In step 3, the mobile agent MA moves to node G and receives the time slot list for its one-hop neighbor node F. The time slot list of node F has one assigned time slot. Therefore, the mobile agent MA colors node F with the time slot 2, the smallest possible integer not in the time slot list of node F and not previously assigned by node G. Accordingly, node G stores, in the time slot list of node F, the time slot 2 in association with the ID of node G. Also, the mobile agent sets a flag indicating that the node G has been visited.

In step 4, because the mobile agent MA has visited all neighbors of the node G, the mobile agent MA returns to the previous node, i.e., node F.

In step 5, because the mobile agent MA has visited all neighbors of the node F, the mobile agent MA returns to the previous node, i.e., node E.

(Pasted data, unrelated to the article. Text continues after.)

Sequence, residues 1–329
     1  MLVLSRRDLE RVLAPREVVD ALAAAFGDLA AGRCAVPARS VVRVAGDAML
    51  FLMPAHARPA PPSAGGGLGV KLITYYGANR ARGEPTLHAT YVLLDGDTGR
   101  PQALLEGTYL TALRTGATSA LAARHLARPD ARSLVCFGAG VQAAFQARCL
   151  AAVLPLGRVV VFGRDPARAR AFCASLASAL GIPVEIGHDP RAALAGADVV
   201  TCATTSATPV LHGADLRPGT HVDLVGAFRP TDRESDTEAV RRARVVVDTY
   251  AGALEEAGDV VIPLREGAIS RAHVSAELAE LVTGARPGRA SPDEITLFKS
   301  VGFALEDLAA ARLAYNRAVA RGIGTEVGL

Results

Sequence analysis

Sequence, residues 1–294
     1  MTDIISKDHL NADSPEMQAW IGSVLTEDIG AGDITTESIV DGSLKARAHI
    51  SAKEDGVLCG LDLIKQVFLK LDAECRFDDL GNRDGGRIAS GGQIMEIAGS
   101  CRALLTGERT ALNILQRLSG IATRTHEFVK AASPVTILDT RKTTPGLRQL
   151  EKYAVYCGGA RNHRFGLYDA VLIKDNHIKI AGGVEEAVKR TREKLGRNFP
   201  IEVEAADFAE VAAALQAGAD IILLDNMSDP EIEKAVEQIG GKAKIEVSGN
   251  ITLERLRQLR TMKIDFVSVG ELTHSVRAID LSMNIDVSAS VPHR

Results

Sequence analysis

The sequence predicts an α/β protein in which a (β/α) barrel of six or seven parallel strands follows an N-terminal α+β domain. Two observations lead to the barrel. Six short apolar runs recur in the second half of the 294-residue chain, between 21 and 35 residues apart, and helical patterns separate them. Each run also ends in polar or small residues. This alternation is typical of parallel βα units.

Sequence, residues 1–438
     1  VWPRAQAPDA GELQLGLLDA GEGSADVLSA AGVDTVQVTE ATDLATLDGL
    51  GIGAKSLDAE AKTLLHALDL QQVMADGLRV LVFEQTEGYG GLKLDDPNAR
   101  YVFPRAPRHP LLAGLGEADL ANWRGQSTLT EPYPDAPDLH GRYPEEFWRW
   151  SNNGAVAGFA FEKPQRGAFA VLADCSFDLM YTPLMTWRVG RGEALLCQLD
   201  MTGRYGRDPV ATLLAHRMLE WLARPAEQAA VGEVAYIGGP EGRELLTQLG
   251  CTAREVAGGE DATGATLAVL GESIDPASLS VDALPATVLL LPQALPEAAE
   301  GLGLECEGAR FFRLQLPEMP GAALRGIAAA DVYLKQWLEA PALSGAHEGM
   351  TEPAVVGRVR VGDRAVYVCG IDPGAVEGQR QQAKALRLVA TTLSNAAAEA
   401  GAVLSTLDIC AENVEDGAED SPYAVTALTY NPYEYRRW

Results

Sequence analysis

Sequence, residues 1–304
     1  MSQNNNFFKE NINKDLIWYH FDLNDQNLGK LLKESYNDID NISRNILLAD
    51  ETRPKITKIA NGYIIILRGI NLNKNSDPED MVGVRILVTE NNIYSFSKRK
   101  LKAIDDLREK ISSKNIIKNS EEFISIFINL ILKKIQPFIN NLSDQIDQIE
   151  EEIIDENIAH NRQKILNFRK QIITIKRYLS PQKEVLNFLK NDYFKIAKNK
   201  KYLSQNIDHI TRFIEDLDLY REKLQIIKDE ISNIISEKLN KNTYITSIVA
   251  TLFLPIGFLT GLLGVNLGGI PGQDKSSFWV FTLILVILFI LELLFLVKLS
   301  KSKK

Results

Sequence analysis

In step 6, because the mobile agent MA has not visited all neighbors of the node E, the mobile agent MA moves to an unvisited neighbor node, i.e., node D, and receives the time slot lists for its one-hop neighbor nodes B, C, and E. The time slot lists of nodes B and C have no assigned time slots, and the time slot list of node E has one assigned time slot. Therefore, the mobile agent MA colors node C with the time slot 1, the smallest possible integer not in the time slot list of node C and not previously assigned by node D. Accordingly, node D stores, in the time slot list of node C, the time slot 1 in association with the ID of node D. The mobile agent MA then colors node E with time slot 2, the next smallest possible integer not in the time slot list of node E and not previously assigned by node D. Accordingly, node D stores, in the time slot list of node E, the time slot 2 in association with the ID of node D. The mobile agent MA then colors node B with time slot 3, the next smallest possible integer not in the time slot list of node B and not previously assigned by node D. Accordingly, node D stores, in the time slot list of node B, the time slot 3 in association with the ID of node D. Also, the mobile agent sets a flag indicating that the node D has been visited.